The hunt for anticancer therapies is inextricably linked with natural products (such as taxol), and more specifically with macrolides. Families such as the amphidinolides, produced by various sea dwelling Amphidinium  microorganisms, have proven to be exceptionally active against cancer cell lines, and are currently in clinical trials. More recently, a new class of Amphidinium  macrolide named the iriomoteolides were discovered, featuring a pretty special 15-member-ring macrocycle. That’s certainly enough to interest the keen synthesiser, but not enough for those pesky grant applications. Happily, a potent cytotoxicity against lymphoma cell lines was clearly enough to bring in the Swiss francs for Cristina Nevado of the University of Zurich, and allow her team to complete a first synthesis.1 


As a field for the prospective total-synthesiser, macrolides are rather mature, with plenty of reliable chemistry in the laboratory toolkit (especially the large section marked ’aldol’). However, certain structural features are amenable to a shortcut - and as spotted by Nevado, iriomoteolide contains a rather handy symmetric portion in its far left. Their intention was to append this section using metathesis chemistry - but first they needed something to append it to. 

Four stereocentres were created using chemistry developed by Scripps’s Barry Sharpless, using his now famous (and Nobel prize winning) epoxidation and dihydroxylation reactions (figure 1).2,3 These dependable reactions allowed quick construction of the ’top’ of the target, with a more unusual approach then used for the ’bottom’. Using some recent work by Scott Nelson of the University of Pittsburgh, US, they were able to easily produce a chiral  b -lactone.4 This sensitive intermediate was attacked by in-situ generated dimethyl cuprate, to add an isolated methyl group stereoselectively (figure 2).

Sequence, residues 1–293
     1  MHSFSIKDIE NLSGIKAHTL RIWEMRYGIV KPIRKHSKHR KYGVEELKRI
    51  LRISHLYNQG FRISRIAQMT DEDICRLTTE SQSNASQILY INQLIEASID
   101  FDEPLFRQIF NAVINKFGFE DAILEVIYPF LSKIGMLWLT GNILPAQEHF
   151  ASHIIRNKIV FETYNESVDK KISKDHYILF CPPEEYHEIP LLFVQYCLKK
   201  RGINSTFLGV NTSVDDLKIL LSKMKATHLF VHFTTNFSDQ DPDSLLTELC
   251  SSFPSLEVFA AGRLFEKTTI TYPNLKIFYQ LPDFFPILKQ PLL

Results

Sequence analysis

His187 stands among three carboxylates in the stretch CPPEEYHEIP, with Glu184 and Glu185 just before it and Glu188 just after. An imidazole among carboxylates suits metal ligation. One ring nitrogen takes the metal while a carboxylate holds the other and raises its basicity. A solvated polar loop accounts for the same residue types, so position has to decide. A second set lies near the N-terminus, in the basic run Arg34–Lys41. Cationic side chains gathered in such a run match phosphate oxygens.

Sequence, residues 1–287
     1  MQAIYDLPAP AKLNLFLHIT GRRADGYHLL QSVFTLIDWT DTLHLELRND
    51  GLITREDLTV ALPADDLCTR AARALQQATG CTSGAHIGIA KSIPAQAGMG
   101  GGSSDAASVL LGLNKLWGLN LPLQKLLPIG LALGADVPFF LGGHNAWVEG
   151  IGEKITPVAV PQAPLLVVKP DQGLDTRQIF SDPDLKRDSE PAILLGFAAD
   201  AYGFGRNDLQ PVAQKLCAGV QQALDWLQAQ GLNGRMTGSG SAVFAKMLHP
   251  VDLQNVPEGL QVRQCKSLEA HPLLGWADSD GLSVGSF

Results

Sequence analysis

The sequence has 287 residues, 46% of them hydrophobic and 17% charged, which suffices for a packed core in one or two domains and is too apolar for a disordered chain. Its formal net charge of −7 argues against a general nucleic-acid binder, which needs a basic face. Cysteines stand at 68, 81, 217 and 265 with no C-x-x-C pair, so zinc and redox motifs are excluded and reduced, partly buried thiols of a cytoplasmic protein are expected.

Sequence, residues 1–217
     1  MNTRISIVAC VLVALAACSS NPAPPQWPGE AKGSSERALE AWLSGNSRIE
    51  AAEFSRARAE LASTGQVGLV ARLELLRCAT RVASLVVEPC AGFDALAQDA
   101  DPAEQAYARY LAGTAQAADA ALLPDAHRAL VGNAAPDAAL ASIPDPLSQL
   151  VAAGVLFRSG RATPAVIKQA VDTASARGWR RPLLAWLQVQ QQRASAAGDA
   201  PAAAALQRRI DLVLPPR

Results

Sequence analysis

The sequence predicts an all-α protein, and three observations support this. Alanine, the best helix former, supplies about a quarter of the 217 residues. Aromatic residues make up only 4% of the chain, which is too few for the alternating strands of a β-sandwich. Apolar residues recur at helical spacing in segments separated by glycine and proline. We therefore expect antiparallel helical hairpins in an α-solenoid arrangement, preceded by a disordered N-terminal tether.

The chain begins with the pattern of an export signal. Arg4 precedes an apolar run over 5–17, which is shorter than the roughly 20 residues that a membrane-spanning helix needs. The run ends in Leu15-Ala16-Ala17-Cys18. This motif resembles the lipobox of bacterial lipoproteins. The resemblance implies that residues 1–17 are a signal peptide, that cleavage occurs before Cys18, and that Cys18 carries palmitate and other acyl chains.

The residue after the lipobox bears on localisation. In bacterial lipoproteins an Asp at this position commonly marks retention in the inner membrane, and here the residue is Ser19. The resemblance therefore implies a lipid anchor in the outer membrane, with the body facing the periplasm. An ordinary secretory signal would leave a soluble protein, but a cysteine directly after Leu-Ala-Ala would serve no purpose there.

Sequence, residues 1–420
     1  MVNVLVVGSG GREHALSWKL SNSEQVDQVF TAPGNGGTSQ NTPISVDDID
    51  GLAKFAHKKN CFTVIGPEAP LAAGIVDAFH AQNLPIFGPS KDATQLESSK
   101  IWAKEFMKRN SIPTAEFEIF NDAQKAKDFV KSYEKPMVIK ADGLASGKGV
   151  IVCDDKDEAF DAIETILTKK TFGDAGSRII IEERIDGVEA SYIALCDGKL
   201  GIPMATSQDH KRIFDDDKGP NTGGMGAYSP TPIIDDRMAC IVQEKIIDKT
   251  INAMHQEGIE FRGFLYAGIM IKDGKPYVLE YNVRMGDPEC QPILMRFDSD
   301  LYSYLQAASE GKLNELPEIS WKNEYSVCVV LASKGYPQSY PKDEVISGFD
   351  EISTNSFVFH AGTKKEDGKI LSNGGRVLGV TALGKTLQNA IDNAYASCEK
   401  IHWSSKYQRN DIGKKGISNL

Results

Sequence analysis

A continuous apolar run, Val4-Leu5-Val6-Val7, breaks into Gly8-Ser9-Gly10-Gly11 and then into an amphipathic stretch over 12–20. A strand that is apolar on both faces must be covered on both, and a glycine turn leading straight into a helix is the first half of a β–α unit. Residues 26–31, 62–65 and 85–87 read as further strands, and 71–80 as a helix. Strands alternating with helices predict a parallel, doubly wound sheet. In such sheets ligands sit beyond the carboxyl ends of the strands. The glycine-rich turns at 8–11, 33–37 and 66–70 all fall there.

Goldilocks effect 

A simple esterification connected these two fragments, ready for the metathesis chemistry to begin. Also a Nobel prize winning reaction, this chemistry hasn’t quite reached the same level of predictability as Sharpless’s work - a common problem is that the organometallic catalyst can interact with any free hydroxyl groups in the substrate, causing side reactions nearby. In this case, Nevado was hoping to use a C2 symmetric substrate with two allylic alcohols (figure 3). This would, if the chemistry went perfectly, perform two metathesis reactions, the first a cross-metathesis to add the extra string of carbons, and the second closing up the 15-membered ring. However, a complex mixture of products was found, presumably due to the unprotected hydroxyl groups. 


Protecting both hydroxyl groups as their TBS (tertiary-butyldimethylsilyl) ethers seemed to be the perfect method of reducing this overreactivity - but this went too far! The metathesis catalyst completely ignored the protected substrate, and instead caused the partner to form an undesired 10-membered ring. 

What the team needed was a third way - and one that is quite neat (and makes me think of childhood nursery stories...). Using a pseudo-C2 symmetric substrate, with one protected hydroxyl, turned out to be ’just right’, with a good yield of the cross-metathesis product achieved. A further protection of the remaining hydroxyl then allowed the key ring-closing metathesis reaction to complete, and completion of the macrocycle (figure 4). 


A neat, selective deprotection of a primary silylether without affecting the less reactive secondary silylethers allowed the group to attach the final carbon atoms to the right hand side, and shortly afterwards, complete the target. However, before drafting this elegant paper, they decided to try and one-up nature by producing several analogues of iriomoteolide in the hope that one might be a more potent cancer-basher. Their small library of analogues didn’t turn up any such hits, but did suggest possible avenues for future research. 

Paul Docherty is a medicinal chemist based in London, UK